Debt-Free Living in Your Dream Home

Achieve debt-free living by following these readers’ advice on acquiring or building a home without a mortgage. Your dream home is within your reach if you pair patience with resourcefulness.

| June/July 2014

To read more about the debt-free homes in this article, and to peruse many other reports about mortgage-free living, go to Debt Free Home Reports

Many of us hope to someday own a home that’s perfectly suited to our penchants, but are wary of falling into debt for decades. The reports that follow illustrate the crafty and creative ways that MOTHER EARTH NEWS readers have acquired or built their own homes while avoiding a mortgage. These debt-free homes are diverse — from a geodesic kit home in California to a spacious log cabin in South Africa — but their owners’ counsel is consistent: With innovation, patience and a willingness to learn, you can do it, too.

Plan Your Plot

Do you intend to construct a house by yourself, or hire out some of the labor? Will you build your shelter from scratch, or find a fixer-upper? Decide how large you want your home to be — the smaller you build, the less you’ll pay out of pocket. Also consider whether you’ll need to set up temporary housing, such as an RV or a trailer, as you build. After you’ve moved in, you can sell your temporary housing and invest that money into your home. Starting with a clean slate may feel overwhelming, but by adhering to the following advice from readers, as well as studying the recommended resources later in this article for guidance and inspiration, you’ll embark on your course to a debt-free dwelling with confidence.

Learn the law of your land. After you’ve decided where to build, check with your county or city to find out whether you’ll have to comply with any building codes or inspection requirements. If you’re in a rural area, you may need only an electrical or sewage inspection. Other areas may demand a wide range of inspections and permits. See Essential Advice for Owner-Builders for information you’ll need to know about building codes before you raise your roof.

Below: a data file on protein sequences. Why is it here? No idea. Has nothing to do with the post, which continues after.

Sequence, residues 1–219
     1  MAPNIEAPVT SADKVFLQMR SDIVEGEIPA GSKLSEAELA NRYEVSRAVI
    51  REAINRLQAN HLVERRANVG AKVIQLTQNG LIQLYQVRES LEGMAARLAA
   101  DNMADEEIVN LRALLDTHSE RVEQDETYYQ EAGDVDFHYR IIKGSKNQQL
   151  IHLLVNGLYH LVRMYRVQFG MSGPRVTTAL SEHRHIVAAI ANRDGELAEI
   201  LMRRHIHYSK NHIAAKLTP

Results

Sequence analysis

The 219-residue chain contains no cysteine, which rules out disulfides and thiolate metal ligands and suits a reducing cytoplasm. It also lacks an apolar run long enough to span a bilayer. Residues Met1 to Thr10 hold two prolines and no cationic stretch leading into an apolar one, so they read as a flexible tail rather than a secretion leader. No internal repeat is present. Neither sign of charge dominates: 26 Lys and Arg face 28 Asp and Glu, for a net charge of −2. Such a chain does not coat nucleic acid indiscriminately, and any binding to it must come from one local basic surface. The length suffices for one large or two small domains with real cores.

Revive a residence. Refurbishing an abandoned structure is one route to substantial savings. Julie Pfister and her husband, Tom, were living with their son in Sidney, Neb., near a 400-square-foot, WWII-era kit home that had succumbed to a fire and been condemned. Julie and Tom were able to see beyond its blackened walls, however, and purchased it from the owner for $5,000. They soon learned they would need a city engineer to sign off on their construction plan, and would have to undergo city inspections after each renovation step. They also needed insurance before they could work and live in the unfinished home. Undeterred, they hauled out the structure’s damaged innards bucket by bucket, and the bungalow gradually morphed into a small, energy-efficient home. After a little less than a year, they had moved in. The Pfisters did all the labor themselves, and say they’d do it all again. “You don’t have to start new. You can start with what’s available and make it perfect with a little work and some common sense,” Julie says.

Do it yourself. Before you lament a lack of know-how to undertake such a project, ask yourself whether you’re willing to learn. A readiness to study new skills will be the most important tool you can wield — along with plenty of patience. Roy Trembath is a do-it-yourselfer in South Africa, and his advice is to do your homework. Roy studied every action he took while building his house, and discovered that his DIY mindset frequently led to frugality. Roy harvested the timber he used, bought a secondhand saw to cut his own floorboards, and built his own furniture. His 3,600-square-foot home cost about $25,000 — less than the down payment he would have dished out for a conventional mortgage on a home of the same size.

5/11/2014 5:32:36 AM

Another option is to downsize and sell most of your "stuff" and buy an RV. You get a debt free home and you get to see the world. I just read several great posts by recent retirees on the site Retirement And Good Living about their adventures RVing in the US and in New Zealand.

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